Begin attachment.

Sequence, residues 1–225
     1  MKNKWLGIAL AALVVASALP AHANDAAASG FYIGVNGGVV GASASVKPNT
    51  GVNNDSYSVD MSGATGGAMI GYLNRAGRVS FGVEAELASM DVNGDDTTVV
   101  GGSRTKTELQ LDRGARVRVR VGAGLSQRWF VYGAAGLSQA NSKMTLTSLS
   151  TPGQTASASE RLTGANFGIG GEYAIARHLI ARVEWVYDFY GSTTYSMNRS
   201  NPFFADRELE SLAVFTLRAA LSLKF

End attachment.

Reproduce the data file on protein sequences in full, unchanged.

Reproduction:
Sequence, residues 1–225
     1  MKNKWLGIAL AALVVASALP AHANDAAASG FYIGVNGGVV GASASVKPNT
    51  GVNNDSYSVD MSGATGGAMI GYLNRAGRVS FGVEAELASM DVNGDDTTVV
   101  GGSRTKTELQ LDRGARVRVR VGAGLSQRWF VYGAAGLSQA NSKMTLTSLS
   151  TPGQTASASE RLTGANFGIG GEYAIARHLI ARVEWVYDFY GSTTYSMNRS
   201  NPFFADRELE SLAVFTLRAA LSLKF